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Stubs, Mocks, Spies, and Fakes

(Upcase ) #1
Joe and Gabe review the four types of test doubles: stubs, mocks, spies and fakes. Learn what the key differences are between each type, as well as when you'd want to consider using them. See examples written using rspec-mocks, as well as an examp...
This is a companion discussion topic for the original entry at https://thoughtbot.com/upcase/videos/stubs-mocks-spies-and-fakes

(Andy Waite) #2

Very useful and practical advice. Definitely one of my favourite episodes.

(Andy Waite) #3

Does the Signup.save method in the examples violate command-query separation? (It returns a boolean but also modifies @user).

(Joe Ferris) #4

Yes, the save method from ActiveRecord is both a command and query method. There isn’t a rule this is violating, but such methods are a little more difficult to implement, test, and understand, so it’s best to avoid combining commands/queries into a single method when there isn’t a really good reason to do so.

The save method is a tricky one, because it does something that might fail. If save were just a command method, you’d need to follow up by invoking a different query method (valid? or persisted?). The authors of ActiveRecord decided the convenience of a single save method was worth the complexity of a combined query/command method.

(Sean Huber) #5

Do you guys generally try to avoid stubbing methods when you create doubles? For example, in the first set of test cases, the line

allow(clone).to receive(:solution).and_return(solution)

could be removed by stubbing solution when the clone double is created e.g.

double("clone", solution: solution)

Then when you use spies it ends up being the same number of lines as the “stub” solution, but all the expectations are at the end which is nice.

describe "#solution" do
  solution = double("solution")
  clone = double("clone", solution: solution)
  participation = Participation.new(clone: clone)

  result = participation.solution

  expect(clone).to have_received(:solution)
  expect(result).to eq(solution)

Just wondering if it’s more of a best practice type convention that I haven’t picked up on yet. I’ve been loving this series and looking forward to new episodes every week, thank you!

(Joe Ferris) #6

I stuck with the allow syntax in order to be consistent during the video. If I’m stubbing out a method that takes no arguments and returns a meaningful value (like an attribute), I’ll use the double shorthand.

(YangBo) #7

Do you mean you would like more readable if used allow for stubbing?
double just double.
if want to stubbing attributes or methods, allow is good chose?

(Aaron Mc Adam) #8

Another option I use a lot is the spy method (introduced in RSpec 3.1) which means you don’t have to repeat what the name of the method you’re mocking:

clone = spy("clone")
expect(clone).to have_received(:solution)

(Anthony) #9

Something I’m still not fully grasping about using stubs or mocks. In most examples, a stub - or mock - is created that receives some method and returns some value. Then this stub is passed to an object, and then we test that this object received stubbed method or is equal to the passed value. Aren’t we just testing our setup?

(Ben Orenstein) #10

No. You’re testing that the system under test is sending the right messages to its collaborators.

You should only be stubbing collaborators, not the class you’re testing.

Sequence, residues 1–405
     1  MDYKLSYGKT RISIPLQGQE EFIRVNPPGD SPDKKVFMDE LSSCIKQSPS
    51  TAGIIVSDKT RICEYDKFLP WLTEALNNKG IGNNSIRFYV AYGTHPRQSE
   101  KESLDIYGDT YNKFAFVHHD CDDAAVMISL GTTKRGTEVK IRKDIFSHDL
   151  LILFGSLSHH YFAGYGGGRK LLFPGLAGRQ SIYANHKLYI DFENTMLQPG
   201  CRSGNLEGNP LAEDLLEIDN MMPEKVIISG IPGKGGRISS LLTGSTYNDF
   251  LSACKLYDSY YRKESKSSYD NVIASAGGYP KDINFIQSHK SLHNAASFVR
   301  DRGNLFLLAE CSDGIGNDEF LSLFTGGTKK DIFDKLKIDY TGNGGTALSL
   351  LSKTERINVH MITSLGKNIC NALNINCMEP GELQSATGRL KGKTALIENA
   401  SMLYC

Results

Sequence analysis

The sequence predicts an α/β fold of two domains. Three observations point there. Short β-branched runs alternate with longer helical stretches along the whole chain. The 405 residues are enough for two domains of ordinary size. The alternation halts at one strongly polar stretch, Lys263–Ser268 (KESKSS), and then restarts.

(Dain Miller) #11
You should only be stubbing collaborators, not the class you're testing.

That sentence finally allowed me to understand stubbing and mocking objects. I never quite grasped it, and now it makes perfect sense. (The video was a bit confusing for me because I didn’t understand the why before we dove into implementation details).

Thanks Ben

(Anthony) #12

Hi Ben,

Oh I see. So a ‘collaborator’ that’s the class, who’s method is called by the class under test?



(Ben Orenstein) #13

If I’m testing any class A, I refer to any other class that A uses as a collaborator.

When I’m testing A, I want to do so in isolation from its collaborators. One way to achieve this is by stubbing A’s collaborators.

Make sense?

(Anthony) #14

Yeah, that makes sense. Thanks Ben.

(Jonny Adshead) #15

It took me almost 1/2 the video to figure out that they were only stubbing collaborators. I wish I had read the comments before. Thanks Ben for clarifying.

(David) #16

I’ve been trying to implement something similar to the video’s first example in one of my own tests. Setup looks like this:

route = double("route")
flight = Flight.new(route: route)

However, this raises the following exception:

[3] pry(#<RSpec::ExampleGroups::Flight::Duration>)> flight = Flight.new(route: route) 
ActiveRecord::AssociationTypeMismatch: Route(#70156849968700) expected, got RSpec::Mocks::Double(#70156836399260)

What I’m doing seems to be more or less the same as what is going on in the video with the clone double and Participation.new(clone: clone). Is it possible that I’m missing some option that would allow me to use a double this way? I did some googling and found some people mentioning the mock_model method, which is now deprecated, but that wasn’t used in the video to begin with.

(Ben Orenstein) #17

Yeah, this is Rails being annoyingly class-focused.

In this case I’d probably use factory_girl's build_stubbed method.

(David) #18

Thanks! I’m guessing the classes used in the video aren’t ActiveRecord models?

(Ben Orenstein) #19

That’s right.

(Nikola Novakovic) #20

The thing that @benorenstein mentioned about stubbing out only collaborators helped so much.

I was wondering in which use case you would prefer using something like Factory Girl ( or fixtures ) instead of mocks/stubs ?